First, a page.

you know to be untrue – but this is your child’s experience and how they feel, so don’t make it about how you feel. Listen. Understand. Don’t judge. Be kind and patient with your child. Be kind to yourself. Parents make mistakes. We do not get it right all of the time. Make sure you have someone you can chat with; your spouse, sibling, friend, or a professional. Seeing your child depressed can be overwhelming and heart-breaking. It is important that you have support through this difficult journey.



Always consider the context for your child’s mood. If there has been a death in the family, an illness, change of home or school, international relocation or the arrival of a new sibling, the context can provide valuable clues as to why your child feels differently to usual. When a child shows signs of depression or anxiety, consider if there has been any major life events or changes, as these events may offer a valid explanation of why your child is behaving a certain way.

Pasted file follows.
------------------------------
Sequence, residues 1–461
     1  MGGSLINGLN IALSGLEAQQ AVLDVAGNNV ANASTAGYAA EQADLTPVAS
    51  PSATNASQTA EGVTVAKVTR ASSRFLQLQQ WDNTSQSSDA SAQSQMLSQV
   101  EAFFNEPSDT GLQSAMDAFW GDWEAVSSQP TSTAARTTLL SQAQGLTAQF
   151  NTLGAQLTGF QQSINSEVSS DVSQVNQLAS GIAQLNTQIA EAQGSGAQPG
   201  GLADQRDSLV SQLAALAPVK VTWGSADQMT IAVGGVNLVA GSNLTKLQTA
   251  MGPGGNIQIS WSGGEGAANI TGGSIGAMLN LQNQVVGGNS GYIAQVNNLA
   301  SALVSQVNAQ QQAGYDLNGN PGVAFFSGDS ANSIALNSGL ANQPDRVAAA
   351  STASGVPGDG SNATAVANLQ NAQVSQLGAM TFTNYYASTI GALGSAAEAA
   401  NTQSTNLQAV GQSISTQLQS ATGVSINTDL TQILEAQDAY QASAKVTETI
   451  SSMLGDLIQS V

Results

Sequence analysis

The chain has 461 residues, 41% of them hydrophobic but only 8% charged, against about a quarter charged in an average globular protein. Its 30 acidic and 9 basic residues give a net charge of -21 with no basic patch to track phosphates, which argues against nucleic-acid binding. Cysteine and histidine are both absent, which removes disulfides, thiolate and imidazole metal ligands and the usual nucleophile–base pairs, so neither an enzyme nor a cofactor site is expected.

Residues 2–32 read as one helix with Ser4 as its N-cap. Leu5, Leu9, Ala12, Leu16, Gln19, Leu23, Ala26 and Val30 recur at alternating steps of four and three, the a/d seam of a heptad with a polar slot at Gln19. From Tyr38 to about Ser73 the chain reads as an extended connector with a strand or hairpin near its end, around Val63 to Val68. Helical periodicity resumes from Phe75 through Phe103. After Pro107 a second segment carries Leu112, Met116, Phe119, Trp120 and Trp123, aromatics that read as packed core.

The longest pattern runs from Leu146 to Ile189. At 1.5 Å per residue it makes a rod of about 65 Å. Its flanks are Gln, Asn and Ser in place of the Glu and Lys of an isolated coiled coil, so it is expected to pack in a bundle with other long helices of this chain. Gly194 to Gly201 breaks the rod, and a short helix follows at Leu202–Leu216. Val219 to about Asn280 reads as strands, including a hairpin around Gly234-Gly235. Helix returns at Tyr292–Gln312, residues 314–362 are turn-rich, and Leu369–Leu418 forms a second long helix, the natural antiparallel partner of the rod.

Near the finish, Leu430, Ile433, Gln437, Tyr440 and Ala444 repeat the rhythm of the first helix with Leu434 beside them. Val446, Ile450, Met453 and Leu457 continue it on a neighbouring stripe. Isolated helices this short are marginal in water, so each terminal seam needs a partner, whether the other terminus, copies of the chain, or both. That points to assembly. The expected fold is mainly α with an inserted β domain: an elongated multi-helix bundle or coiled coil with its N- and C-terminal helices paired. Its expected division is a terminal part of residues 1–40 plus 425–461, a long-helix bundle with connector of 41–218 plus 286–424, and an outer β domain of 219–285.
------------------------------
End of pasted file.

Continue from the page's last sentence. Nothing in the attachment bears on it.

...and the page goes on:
Reading about mental health diagnoses like depression and anxiety will almost certainly cause a big emotional reaction in both you and your child. These reactions commonly include fear, worry, distress, confusion and sadness, and these are normal and can provide the impetus for seeking further information and support.



  • The Lighthouse, Centre for Wellbeing – 04 3802 088,
  • Camali Clinic for child and adult mental health (Dubai) at Dubai Healthcare City – 04 2766 064 / 058 2976 331 Abu Dhabi: 02 6660 363 / 058 2976 331,


Supplied by Dr Emma Campbell, School Psychologist, Victoria International School of Sharjah